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article imageNot so jolly hockey sticks for North Korean sports

By Sebastien BERGER, with Neil SANDS in Wellington (AFP)     Aug 3, 2017 in Sports

When North Korea's ice hockey team arrived in Auckland for an international tournament carrying battered wooden sticks, organisers stepped in to provide high-tech carbon fibre equipment. But they had to hand them back before going home -- taking them would have violated United Nations sanctions.

Exports of luxury goods to the North are prohibited as part of United Nations sanctions over its banned nuclear and ballistic missile programmes, in a move intended to hit Pyongyang's elites.

But North Korea –- which last week carried out its second successful test of an intercontinental ballistic missile that analysts say could reach much of the mainland United States -- remains bullish about its sporting potential.

Sports ministry official Jong Kwang-Rim was in Auckland for the April tournament and protested over the hockey sticks, to no avail.

He blamed the debacle on "hostile US forces" -– Pyongyang always attributes United Nations actions against it to Washington's doing -- and said North Korea could not be cowed.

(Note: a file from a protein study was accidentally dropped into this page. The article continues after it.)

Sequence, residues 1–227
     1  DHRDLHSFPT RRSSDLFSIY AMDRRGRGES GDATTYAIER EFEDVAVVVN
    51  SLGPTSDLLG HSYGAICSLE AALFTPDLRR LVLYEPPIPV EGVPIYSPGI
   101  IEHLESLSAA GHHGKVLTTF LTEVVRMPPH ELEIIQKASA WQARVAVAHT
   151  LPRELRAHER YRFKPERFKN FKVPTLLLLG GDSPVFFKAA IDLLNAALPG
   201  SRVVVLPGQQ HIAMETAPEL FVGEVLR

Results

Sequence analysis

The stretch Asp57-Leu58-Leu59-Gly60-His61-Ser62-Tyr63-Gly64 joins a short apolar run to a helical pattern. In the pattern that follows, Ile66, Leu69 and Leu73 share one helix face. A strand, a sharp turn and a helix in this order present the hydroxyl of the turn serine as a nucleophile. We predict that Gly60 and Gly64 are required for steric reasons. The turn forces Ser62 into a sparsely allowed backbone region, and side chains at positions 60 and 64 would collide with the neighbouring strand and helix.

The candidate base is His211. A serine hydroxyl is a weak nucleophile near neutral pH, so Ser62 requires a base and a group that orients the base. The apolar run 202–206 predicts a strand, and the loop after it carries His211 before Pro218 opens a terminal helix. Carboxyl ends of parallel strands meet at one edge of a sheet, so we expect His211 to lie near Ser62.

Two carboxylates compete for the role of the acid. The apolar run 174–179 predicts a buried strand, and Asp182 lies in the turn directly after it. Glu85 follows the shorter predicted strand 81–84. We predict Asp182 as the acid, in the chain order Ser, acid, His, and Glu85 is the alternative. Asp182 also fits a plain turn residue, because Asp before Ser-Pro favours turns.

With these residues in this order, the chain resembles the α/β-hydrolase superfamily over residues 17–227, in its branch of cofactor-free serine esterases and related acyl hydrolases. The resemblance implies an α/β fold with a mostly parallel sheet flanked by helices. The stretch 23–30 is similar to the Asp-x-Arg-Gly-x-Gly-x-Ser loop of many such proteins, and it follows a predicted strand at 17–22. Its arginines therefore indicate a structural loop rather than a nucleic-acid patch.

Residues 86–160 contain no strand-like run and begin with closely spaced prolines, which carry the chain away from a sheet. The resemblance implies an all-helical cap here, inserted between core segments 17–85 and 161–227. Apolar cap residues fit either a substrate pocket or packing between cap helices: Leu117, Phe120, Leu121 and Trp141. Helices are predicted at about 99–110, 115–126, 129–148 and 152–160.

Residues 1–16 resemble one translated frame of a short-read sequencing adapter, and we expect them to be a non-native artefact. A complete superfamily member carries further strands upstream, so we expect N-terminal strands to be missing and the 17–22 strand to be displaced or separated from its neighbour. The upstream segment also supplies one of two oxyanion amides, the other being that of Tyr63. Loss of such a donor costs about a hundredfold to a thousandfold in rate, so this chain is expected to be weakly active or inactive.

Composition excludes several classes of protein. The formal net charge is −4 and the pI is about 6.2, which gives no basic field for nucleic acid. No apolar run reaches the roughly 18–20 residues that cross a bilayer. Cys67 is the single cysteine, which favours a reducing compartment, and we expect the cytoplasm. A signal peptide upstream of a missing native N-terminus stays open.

Its weapons achievements, he said, "show how great our people is and more importantly, how we have the greatest leader".

The decision on the hockey sticks stemmed from a UN Security Council resolution passed in March last year that expanded the definition of banned luxury goods to include in "recreational sports equipment".

Children playing football at a school for orphans on the outskirts of Pyongyang  North Korea
Children playing football at a school for orphans on the outskirts of Pyongyang, North Korea
Ed JONES, AFP/File

"They were not allowed to take the sticks out of New Zealand," NZ Ice Hockey Federation general secretary Jonathan Albright, who was also the tournament director, told AFP.